I smiled into the phone and told him, "Well, I have to be honest with you, our walks are just like any ordinary walk. The clouds do not part, angelic choruses do not burst into song and there certainly isn't a beam of golden sunshine that follows us around. We just walk. It's really quite mundane. I'm afraid you wouldn't be very impressed."
But they insisted and when they arrived yesterday afternoon I was more than willing to take them with us to the park and around our usual spots. I was glad to have them but also a little nervous. Duncan tends to assume that when others are present I'm distracted, which he thinks means is reason enough to attempt to get away with murder. I don't know how many times we've gone over this lesson, but I am not distracted, perhaps more in tune with our walk simply because we have a reputation to protect.
And so we ventured across all six lanes of traffic on Bowles, which my dad rightly remarked upon as being "a bit dangerous." I laughed and told him that last winter when the snow and ice were piled up there and Duncan and I were standing in the median waiting to cross I'd envisioned my own death by sliding down the ice into oncoming traffic.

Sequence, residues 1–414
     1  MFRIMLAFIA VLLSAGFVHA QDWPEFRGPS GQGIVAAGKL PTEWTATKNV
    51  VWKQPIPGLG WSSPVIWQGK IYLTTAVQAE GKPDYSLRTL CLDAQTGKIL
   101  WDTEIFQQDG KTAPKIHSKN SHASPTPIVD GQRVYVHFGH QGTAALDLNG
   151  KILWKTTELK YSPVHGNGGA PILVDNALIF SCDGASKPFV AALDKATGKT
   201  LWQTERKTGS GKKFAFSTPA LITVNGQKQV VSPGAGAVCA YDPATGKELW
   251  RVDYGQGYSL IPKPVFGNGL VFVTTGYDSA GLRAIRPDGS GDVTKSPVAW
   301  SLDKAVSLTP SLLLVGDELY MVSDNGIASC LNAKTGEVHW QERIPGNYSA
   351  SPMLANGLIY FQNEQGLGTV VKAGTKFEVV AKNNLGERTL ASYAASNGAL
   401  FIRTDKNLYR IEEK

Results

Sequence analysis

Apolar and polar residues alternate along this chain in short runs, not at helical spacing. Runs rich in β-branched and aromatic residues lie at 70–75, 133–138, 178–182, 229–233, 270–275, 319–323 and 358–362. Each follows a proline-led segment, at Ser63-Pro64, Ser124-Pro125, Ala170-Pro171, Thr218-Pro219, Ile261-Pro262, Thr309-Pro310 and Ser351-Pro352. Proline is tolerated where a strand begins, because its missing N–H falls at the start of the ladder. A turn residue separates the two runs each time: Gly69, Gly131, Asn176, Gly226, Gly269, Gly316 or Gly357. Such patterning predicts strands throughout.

The park was wonderful, although a bit quiet. We walked down to the high school and then up toward the memorial. On the way we spotted several bunnies and dad and Jane got to witness Duncan's hunting skills live and in person, which I thought was quite exciting. He put on a full show for them, going rigid, lifting one paw slowly and letting it hang in the air, bobbing lightly before setting it back down. We climbed Rebel Hill, which offers a nice view of Littleton, the mountains and the eastern plains and looks down on the prairie dog town, which Duncan alternately shows mild interest in or utter indifference.
On the way home dad asked. "Was that a typical walk? Was that the way they normally go?" Except for the pace, which Duncan prefers to amp up a little more, it was a pretty typical walk, and as I'd explained, no angels burst into song and the sun did what it normally does which is take no notice of us at all. Even Duncan, who tends to act up, was well-behaved, only pulling on his leash every now and then. He even sat on the curb before crossing the street, waiting for me to give the all-clear command. It was an ordinary walk, except for the fact that dad, who I haven't seen in eight years, and Jane, who I'd never seen at all, were there with us. It felt good showing them the places I cherish, the places that inspire me and the places Duncan has led me to. And it was good to be in a place that is my own, to know the trails and the roads and to be able to point things out, to show others that that little boy, who, as my dad likes to tell, peed on the doctor the instant he was born, has made a place for himself in the world with a dear friend he calls Duncan.
*Please pardon my comb-over look. Dunc had given me a bath right before the picture was taken.